Research Paper Volume 12, Issue 19 pp 19539—19545
Complex interplay among fat, lean tissue, bone mineral density and bone turnover markers in older men
- 1 Department of Medical Rehabilitation and Clinical Physiotherapy, Pomeranian Medical University in Szczecin, Szczecin, Poland
- 2 Department of Orthopaedics Traumatology and Musculoskeletal Oncology, Pomeranian Medical University in Szczecin, Szczecin, Poland
- 3 Department of Propedeutics of Internal Medicine and Arterial Hypertension, Pomeranian Medical University in Szczecin, Szczecin, Poland
Received: April 24, 2020 Accepted: July 30, 2020 Published: October 9, 2020https://doi.org/10.18632/aging.103903
How to Cite
Copyright: © 2020 Rył et al. This is an open access article distributed under the terms of the Creative Commons Attribution License (CC BY 3.0), which permits unrestricted use, distribution, and reproduction in any medium, provided the original author and source are credited.
It has been suggested that visceral fat (VF) might be a negative determinant of bone health. The purpose of this cross-sectional study was to assess an interplay among fat, visceral fat (VF), muscle mass, bone mineral density (BMD), and markers of bone turnover in men aged 60-75 years. BMD, lean mass, total fat, VF and appendicular skeletal muscle mass (ASM) were assessed using dual-energy X-ray absorptiometry. Using ELISA assays, we measured serum levels of markers of bone turnover (osteocalcin, parathyroid hormone, human procollagen I N-terminal peptide, and degradation products of C-terminal telopeptide of type I collagen). Mean values of bone markers were within normal range. VF was found not to be associated with BMD and bone turnover markers. ASM was inversely correlated with age, and positively with BMD and lean mass. In linear regression, ASM, VF, total fat, lean mass and body mass index were significant single predictors of BMD. However, after adjustment for age, all these associations were no longer significant. In conclusion, in contrast to some studies on postmenopausal women, in older non-diabetic men with normal lean mass and body fat VF was not associated with BMD and markers of bone formation and resorption.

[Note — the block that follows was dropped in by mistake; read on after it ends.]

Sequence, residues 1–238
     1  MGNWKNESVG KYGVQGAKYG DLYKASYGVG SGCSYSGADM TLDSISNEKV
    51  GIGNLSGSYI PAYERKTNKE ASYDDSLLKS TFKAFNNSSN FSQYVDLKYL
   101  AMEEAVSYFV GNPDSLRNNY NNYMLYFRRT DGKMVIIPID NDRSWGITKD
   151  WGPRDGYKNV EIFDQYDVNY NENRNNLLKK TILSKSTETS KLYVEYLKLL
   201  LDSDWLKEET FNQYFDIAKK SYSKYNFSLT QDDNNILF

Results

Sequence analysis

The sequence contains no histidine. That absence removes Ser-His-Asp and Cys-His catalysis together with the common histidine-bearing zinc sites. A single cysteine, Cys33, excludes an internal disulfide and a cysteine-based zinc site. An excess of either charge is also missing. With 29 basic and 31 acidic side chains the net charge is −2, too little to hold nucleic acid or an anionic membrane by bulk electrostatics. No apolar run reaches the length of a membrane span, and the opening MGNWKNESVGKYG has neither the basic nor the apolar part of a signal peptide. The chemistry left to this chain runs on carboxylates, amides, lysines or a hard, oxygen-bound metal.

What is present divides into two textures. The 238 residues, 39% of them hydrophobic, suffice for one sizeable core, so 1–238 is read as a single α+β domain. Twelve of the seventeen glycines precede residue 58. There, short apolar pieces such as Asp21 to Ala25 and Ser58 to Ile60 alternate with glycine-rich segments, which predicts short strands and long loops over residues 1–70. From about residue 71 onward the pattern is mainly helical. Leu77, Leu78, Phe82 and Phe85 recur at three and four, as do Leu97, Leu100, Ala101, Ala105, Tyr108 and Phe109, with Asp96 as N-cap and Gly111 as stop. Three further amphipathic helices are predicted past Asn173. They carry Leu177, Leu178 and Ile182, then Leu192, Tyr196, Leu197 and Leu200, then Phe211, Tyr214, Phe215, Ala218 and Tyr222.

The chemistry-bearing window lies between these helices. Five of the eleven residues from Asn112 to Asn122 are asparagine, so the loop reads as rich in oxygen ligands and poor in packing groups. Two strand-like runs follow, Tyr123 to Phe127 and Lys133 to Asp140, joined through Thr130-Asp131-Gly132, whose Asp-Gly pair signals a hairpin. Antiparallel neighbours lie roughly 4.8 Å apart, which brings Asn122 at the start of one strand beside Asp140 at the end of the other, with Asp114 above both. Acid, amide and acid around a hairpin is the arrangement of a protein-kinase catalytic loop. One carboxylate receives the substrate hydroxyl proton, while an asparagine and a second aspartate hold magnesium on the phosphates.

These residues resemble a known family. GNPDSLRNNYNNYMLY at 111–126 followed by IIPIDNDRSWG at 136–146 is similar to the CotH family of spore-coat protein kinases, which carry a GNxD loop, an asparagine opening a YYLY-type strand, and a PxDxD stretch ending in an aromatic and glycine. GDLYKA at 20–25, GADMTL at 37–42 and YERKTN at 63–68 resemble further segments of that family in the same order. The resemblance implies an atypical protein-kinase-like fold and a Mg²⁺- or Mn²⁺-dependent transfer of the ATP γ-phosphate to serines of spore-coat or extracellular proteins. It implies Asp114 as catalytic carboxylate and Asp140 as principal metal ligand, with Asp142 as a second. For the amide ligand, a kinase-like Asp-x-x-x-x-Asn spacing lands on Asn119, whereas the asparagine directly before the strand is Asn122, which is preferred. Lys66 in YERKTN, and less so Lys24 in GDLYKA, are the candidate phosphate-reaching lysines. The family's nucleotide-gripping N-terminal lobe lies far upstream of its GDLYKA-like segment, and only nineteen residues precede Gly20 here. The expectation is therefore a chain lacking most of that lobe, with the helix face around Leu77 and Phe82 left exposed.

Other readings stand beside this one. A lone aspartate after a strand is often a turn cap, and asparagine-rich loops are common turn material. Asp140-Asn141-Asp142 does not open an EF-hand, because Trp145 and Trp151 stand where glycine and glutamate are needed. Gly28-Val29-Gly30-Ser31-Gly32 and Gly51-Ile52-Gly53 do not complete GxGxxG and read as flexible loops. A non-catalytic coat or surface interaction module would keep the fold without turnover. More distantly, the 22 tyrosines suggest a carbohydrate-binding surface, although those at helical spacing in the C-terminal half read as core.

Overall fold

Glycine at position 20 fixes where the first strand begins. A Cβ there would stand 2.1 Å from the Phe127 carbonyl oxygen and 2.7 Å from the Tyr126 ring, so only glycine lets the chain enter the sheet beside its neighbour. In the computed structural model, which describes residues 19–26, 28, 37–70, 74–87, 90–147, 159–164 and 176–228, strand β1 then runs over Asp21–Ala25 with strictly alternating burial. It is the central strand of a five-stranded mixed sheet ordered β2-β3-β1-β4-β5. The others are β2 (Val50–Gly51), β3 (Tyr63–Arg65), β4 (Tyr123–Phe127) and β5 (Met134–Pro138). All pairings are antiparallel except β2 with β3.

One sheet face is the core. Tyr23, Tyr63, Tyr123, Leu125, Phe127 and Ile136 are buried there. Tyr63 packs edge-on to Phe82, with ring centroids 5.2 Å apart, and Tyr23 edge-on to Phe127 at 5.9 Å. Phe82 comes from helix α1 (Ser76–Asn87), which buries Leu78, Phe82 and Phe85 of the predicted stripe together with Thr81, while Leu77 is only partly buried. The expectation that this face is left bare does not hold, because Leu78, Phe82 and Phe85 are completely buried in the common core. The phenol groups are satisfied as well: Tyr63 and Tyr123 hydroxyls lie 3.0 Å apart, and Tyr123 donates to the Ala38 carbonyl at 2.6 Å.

It has been well established that lifetime bone mass in humans is strongly determined by age, sex, hormonal milieu, genetic influences, and lifestyle. Bone mass, routinely assessed using dual-energy X-ray absorptiometry (DXA) as bone mineral density (BMD), is correlated with body mass index (BMI) [1, 2] and other anthropometric measures  as well as body composition, although the impact of fat and lean tissue on BMD may vary . Lean tissue, which is mainly composed of muscles, exerts a strong positive effect on bone mass [5, 6], while the impact of fat is weaker and likely indirect [7, 8]. Much less is known about the precise associations of BMD with regional fat depots. Of them, visceral fat (VF)–an important contributor to various metabolic disorders–could theoretically influence bone metabolism as it is involved in the development of insulin resistance and related cardiometabolic disorders. Indeed, in postmenopausal women VF was found to be a negative determinant of BMD and markers of bone turnover , as well as poor bone microarchitecture and weakened bone strength [10, 11] and these effects were stronger than those of other fat regions. However, it remains uncertain whether these associations apply to adult males.
The purpose of this cross-sectional study was to assess an interplay among total fat, VF, muscle mass, BMD, and markers of bone formation and resorption in older men.